21st International AIDS Conference (AIDS 2016)


Civil Society Helps Drive Tailored Responses to End AIDS in China

July 21, 2016

Jan Beagle

Jan Beagle, UNAIDS Deputy Executive Director (Credit: International AIDS Society/Rogan Ward)

In recent years, the AIDS response in China has seen increasing civil society involvement in focused, community-based HIV prevention and treatment programming, which has contributed to maintaining low levels of HIV prevalence in the country and ensuring an increasingly evidence-informed, tailored response.

The strategies, progress and achievements of Chinese civil society organizations were the focus of a session at the 21st International AIDS Conference, taking place in Durban, South Africa, which brought together representatives of the Government of China, Chinese civil society, the World Health Organization and UNAIDS.

The session, held on July 20, showcased the China State Council approved Fund for Participation of Civil Society Organizations in AIDS Prevention and Care, which has invested 50 million renminbi (nearly US$ 7.5 million) to support the work of nongovernmental organizations in education, communication, testing, counselling, care and support, including with key populations.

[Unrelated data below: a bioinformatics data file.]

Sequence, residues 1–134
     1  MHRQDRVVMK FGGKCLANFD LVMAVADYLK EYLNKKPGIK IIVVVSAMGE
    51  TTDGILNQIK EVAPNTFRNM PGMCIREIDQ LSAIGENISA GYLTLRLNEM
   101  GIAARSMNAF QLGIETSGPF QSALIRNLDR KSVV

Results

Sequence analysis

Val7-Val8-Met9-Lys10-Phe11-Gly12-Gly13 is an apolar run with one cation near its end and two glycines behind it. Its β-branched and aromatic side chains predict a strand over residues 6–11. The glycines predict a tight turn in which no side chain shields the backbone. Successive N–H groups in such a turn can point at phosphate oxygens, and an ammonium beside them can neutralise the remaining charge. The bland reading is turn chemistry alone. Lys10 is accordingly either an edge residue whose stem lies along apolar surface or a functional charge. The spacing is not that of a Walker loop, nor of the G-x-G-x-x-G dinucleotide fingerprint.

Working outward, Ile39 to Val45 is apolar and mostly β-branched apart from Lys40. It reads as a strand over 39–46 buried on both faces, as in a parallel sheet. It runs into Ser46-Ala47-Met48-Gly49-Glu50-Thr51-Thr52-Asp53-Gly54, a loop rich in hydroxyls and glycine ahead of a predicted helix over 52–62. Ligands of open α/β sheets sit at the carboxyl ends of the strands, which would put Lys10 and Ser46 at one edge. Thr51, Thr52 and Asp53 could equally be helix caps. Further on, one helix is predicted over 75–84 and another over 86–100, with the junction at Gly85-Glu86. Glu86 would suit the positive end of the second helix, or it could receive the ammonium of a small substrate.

Although overall HIV prevalence continues to be low, the absolute number of people living with HIV and the annual number of new HIV infections remain significant, particularly among key populations. Recognizing that social and community organizations that have the trust of key populations are best able to reach at-risk communities, the fund -- which has been designed, established and implemented in partnership with UNAIDS -- is playing an important role in increasing prevention and treatment programmes for key populations in China.

Opening the session in Durban, UNAIDS Executive Director Jan Beagle underlined how China has undertaken impressive efforts to analyse its epidemic and tailor its response. Recalling the visit of a delegation from the UNAIDS Programme Coordinating Board (PCB) to China in May 2016 to explore the national response and the role of communities, Ms Beagle noted how the PCB delegation had seen first-hand that cost-effective and rights-based approaches that focus on populations and locations were proving to have impact.


The spirit of partnership and entrepreneurship, particularly with key populations, has helped to prevent new HIV infections and to raise awareness among higher risk groups. Sharing these experiences is essential to Fast-Track the AIDS response in China.

-- Jan Beagle, UNAIDS Deputy Executive Director

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This article was provided by UNAIDS. It is a part of the publication The 21st International AIDS Conference (AIDS 2016). Visit UNAIDS' website to find out more about their activities, publications and services.

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